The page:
On election day in November, I beg citizens and voters of the Southern Tier to look carefully at the candidates that affect us most – Tom Reed or Nate Shinagawa, President Obama or Mitt Romney. Don’t be swayed by publicity. Do some research and think for yourself.
Ask yourself two simple questions: Is he for us or for himself; if he is elected who stands to benefit most – him, or me.
(And I am happy to engage in further conversation along these lines: please contact me at firstname.lastname@example.org)
May want a name change…..
This is in response to Elizabeth Whitehouse who is proud not to be an American.
I suggest she review the Revolutionary war and its reasons which were the basis for the new America, aka “The United States of America”. I think she will find that the root cause was the tyranny and greed that her beloved English forced on the colonists (some of which were their people).
I have visited England many times and always enjoyed it as well as the many people I encountered, none of which exhibited the feelings she seems to have. I have seen poverty there and heard much grumbling about the cost of living and the high taxes collected so I don’t know how much it really differs.
It would be interesting to know why she came here in the first place and better yet why she stayed so long in a country she feels so much animosity towards and is so unhappy with. I bet she enjoys the benefits she derives from our country. She apparently doesn’t like the Waltons due to their wealth which they earned because they can in a country that allows free enterprise. I am sure they pay and contribute to this country in taxes and payroll. I wonder how she feels about the royal family and how they stack up against the bottom 30% of their population.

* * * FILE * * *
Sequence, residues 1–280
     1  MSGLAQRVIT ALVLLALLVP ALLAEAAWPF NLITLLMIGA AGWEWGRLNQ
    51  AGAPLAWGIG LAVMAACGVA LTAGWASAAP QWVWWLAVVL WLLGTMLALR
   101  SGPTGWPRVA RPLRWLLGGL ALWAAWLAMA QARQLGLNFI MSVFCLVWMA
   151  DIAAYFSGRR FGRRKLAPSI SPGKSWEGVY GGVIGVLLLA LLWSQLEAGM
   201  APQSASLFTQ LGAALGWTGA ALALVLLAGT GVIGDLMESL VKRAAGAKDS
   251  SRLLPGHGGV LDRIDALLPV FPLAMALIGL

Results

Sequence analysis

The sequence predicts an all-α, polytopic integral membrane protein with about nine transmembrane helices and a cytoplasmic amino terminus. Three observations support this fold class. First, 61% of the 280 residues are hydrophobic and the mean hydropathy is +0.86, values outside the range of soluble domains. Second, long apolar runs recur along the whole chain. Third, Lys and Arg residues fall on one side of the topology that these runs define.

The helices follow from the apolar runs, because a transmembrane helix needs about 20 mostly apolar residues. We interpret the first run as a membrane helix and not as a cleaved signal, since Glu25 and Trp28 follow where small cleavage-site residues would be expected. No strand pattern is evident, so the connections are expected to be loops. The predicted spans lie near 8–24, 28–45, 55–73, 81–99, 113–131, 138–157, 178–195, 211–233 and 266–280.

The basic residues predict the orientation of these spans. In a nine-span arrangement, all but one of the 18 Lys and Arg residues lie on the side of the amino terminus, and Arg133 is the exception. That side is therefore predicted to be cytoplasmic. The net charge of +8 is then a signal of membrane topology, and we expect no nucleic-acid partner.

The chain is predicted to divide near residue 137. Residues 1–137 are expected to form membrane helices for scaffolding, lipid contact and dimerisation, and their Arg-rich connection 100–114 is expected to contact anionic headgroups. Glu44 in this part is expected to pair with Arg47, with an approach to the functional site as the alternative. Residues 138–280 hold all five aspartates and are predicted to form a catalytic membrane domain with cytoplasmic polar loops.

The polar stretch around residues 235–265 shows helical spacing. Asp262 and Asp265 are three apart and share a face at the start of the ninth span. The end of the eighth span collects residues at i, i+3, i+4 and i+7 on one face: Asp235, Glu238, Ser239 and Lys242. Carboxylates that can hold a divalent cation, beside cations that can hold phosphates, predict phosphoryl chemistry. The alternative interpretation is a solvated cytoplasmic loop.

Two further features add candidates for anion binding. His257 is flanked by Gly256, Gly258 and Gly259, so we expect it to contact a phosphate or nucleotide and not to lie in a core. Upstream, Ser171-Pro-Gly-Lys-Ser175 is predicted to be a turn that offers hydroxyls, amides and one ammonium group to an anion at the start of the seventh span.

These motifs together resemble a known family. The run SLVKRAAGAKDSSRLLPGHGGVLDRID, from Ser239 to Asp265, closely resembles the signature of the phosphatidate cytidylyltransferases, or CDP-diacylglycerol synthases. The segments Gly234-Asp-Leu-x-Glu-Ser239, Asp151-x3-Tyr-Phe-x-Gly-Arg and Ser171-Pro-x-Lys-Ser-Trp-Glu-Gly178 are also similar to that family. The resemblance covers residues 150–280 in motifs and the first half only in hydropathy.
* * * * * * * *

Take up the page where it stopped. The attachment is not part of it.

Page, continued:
In closing I would like to remind her that she can publish her dismay with our country because of the freedom that was paid for with many American lives to give her that right.
I would also suggest that unless she is chained here that she packs up and hits the road to some other country she feels so much better about. Be careful though it might be a country that our soldiers fought for to gain their freedom or it might be one we support with many U.S. Dollars.
If she stays she might want to change her last name to something other than “Whitehouse”. Might I suggest “Windsor” or “Buckingham”?
Negative intent can sometimes be positive
Response to Gerald Schichtel